At the Christian Formation Kickoff event at St. Augustine of Canterbury, the Rev. Amy Bradley gathers with children in the new and improved Godly Play room.

Blessing of the backpacks at Christ Church Savannah.

Students, teachers, and backpacks were blessed at St. Peter's Savannah.
Packing bags for the lunchbox ministry at Christ Church Valdosta: teams of congregants make and then deliver 75-150 sack lunches to children in two public housing areas in Valdosta every other Saturday morning. Lunches have a peanut butter and jelly sandwich, chips, fruit cup, granola or other food bar.
The congregation of St. John's Savannah celebrated 19 years of ministry
by the Rev. Craig O'Brien.

Prayers for Weekly Liturgies
Our one-year prayer cycle combines prayers for every congregation in the Diocese of Georgia with prayers for our ecumenical partners and for our Companion Diocese of The Dominican Republic. The 52 weekly prayers are available in one document  found here. 

August 19-25
In our diocesan cycle of prayer, we pray for our congregations in Savannah, especially Christ Church, the Mother Church of Georgia. We also pray for our ecumenical partners in Savannah, especially the Catholic Cathedral of St. John the Baptist and Ascension Lutheran Church. In our companion diocese of the Dominican Republic, we pray for the Church of St. Paul and St. Luke ( San Pablo y San Lucas) in San Isidro.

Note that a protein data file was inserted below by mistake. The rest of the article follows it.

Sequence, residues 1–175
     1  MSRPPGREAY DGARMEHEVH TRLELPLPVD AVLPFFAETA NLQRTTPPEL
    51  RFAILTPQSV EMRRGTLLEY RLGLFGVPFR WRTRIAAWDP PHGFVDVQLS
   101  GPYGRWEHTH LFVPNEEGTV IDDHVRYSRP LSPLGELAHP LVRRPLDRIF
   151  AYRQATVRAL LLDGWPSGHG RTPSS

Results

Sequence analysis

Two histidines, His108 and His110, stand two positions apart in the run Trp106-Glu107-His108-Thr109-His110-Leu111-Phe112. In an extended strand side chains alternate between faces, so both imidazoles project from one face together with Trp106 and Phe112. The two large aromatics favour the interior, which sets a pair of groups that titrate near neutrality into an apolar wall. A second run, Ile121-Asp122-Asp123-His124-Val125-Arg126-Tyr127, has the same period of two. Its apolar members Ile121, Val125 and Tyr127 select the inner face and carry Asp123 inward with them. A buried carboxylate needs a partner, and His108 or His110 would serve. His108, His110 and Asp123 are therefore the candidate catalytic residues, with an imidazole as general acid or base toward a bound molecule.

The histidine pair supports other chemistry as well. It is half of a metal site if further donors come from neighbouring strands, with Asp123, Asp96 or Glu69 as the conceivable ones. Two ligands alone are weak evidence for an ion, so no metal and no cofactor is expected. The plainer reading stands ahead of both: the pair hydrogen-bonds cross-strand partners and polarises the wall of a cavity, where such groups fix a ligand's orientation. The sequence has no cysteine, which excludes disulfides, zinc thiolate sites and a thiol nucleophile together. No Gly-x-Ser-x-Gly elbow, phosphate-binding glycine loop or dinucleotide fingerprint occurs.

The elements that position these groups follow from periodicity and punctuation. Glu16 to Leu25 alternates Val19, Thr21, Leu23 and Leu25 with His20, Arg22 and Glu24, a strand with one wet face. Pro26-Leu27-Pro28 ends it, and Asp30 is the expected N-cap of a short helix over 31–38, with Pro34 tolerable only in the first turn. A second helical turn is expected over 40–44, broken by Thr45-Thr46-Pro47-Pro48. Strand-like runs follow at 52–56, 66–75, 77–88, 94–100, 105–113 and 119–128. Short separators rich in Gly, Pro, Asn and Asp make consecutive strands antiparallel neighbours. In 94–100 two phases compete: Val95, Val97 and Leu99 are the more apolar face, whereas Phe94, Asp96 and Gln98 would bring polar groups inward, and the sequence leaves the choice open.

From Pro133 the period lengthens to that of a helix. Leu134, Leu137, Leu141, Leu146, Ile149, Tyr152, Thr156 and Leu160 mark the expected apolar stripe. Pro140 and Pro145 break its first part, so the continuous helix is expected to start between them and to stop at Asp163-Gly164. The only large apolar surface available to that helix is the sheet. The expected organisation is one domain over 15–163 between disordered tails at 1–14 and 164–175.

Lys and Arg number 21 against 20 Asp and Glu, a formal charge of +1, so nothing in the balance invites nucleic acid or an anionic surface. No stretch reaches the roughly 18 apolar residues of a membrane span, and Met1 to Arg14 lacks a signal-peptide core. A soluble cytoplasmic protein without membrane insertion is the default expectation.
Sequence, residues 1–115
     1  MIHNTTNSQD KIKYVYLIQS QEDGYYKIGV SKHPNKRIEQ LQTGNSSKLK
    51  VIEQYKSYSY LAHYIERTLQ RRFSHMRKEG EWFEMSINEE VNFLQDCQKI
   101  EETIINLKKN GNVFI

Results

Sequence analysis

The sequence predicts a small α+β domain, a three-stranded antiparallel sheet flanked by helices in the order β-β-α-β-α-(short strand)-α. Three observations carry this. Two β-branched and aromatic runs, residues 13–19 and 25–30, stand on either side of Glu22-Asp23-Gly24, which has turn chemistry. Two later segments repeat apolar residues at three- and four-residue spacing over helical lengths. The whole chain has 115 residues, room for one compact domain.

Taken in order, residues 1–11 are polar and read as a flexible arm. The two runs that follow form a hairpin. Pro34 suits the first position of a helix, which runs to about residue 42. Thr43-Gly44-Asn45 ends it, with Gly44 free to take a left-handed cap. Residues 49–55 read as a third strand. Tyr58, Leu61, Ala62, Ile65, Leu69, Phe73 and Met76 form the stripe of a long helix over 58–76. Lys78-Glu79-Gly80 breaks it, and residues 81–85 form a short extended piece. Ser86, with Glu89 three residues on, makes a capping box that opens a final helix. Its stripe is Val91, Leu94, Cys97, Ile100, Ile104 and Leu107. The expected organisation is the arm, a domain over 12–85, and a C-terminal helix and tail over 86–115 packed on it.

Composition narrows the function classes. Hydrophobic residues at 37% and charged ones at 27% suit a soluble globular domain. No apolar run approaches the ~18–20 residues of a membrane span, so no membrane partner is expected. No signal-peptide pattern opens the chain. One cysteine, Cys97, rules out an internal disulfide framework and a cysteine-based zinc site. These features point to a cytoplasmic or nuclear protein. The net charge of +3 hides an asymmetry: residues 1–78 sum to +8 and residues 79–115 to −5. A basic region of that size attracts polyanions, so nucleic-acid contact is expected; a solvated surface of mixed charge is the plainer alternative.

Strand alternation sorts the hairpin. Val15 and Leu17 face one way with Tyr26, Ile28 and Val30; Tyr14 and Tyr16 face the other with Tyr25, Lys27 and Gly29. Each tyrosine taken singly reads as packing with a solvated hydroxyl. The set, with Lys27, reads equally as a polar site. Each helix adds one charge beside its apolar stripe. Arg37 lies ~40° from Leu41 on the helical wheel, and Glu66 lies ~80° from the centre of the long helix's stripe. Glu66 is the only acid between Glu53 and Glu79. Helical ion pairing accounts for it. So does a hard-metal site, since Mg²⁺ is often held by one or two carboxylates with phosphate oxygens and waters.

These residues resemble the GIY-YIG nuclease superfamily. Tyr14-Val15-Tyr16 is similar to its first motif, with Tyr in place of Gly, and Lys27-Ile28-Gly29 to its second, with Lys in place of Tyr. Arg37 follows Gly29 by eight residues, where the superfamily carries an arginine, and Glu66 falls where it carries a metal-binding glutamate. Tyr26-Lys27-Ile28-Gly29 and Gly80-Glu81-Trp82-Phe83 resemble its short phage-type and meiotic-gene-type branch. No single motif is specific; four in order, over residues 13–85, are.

August 26-September 1
In our diocesan cycle of prayer, we pray for our congregations in Savannah, especially St. Francis of the Islands and St. John's. We also pray for our ecumenical partners, especially the Lutheran congregations of Redeemer and St. Luke's. In our companion diocese of the Dominican Republic, we pray for the congregations in San Francisco de Macorís, especially The Good Shepherd ( El Buen Pastor).
Diocesan Office Update and News